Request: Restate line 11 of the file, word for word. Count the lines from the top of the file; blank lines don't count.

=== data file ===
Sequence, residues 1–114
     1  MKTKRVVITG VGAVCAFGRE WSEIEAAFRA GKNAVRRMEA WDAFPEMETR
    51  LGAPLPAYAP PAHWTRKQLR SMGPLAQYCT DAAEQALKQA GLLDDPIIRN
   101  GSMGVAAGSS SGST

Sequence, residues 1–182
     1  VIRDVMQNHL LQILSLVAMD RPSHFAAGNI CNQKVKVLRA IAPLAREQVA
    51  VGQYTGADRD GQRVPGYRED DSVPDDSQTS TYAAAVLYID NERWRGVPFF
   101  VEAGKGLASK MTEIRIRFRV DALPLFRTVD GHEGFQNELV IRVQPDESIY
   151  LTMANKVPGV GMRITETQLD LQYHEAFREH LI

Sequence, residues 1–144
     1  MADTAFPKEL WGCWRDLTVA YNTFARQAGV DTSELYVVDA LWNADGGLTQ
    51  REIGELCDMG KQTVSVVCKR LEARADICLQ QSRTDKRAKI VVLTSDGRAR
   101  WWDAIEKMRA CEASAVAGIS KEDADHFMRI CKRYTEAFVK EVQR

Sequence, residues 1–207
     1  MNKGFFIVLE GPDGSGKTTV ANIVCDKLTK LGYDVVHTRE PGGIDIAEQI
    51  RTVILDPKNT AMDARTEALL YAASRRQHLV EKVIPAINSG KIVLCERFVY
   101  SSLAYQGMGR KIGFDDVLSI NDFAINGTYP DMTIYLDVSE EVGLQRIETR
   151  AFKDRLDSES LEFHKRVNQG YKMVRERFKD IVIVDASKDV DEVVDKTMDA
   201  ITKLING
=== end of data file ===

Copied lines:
     1  MADTAFPKEL WGCWRDLTVA YNTFARQAGV DTSELYVVDA LWNADGGLTQ